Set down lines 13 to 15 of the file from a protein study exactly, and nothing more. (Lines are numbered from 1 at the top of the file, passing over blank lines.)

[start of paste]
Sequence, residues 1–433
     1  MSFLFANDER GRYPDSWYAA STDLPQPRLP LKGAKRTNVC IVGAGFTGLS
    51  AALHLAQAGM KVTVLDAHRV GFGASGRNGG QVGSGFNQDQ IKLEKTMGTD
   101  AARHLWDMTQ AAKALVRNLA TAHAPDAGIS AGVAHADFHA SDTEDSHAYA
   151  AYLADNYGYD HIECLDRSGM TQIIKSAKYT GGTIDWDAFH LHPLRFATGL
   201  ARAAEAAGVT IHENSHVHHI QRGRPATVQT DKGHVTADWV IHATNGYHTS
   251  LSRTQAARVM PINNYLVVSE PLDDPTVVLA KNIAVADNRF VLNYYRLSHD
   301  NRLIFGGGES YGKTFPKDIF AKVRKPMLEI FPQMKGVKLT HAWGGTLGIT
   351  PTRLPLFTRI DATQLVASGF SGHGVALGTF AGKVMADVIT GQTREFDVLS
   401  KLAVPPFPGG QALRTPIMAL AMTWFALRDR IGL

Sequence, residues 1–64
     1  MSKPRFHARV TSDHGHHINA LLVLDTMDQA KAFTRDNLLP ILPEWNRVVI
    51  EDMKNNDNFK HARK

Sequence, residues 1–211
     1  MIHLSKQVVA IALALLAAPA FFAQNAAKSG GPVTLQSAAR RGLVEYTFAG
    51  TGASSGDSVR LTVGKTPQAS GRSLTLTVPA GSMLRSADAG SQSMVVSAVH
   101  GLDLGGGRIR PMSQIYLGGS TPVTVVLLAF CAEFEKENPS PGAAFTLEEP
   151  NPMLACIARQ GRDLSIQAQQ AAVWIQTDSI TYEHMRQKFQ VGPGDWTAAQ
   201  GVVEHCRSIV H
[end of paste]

    51  EDMKNNDNFK HARK

Sequence, residues 1–211
     1  MIHLSKQVVA IALALLAAPA FFAQNAAKSG GPVTLQSAAR RGLVEYTFAG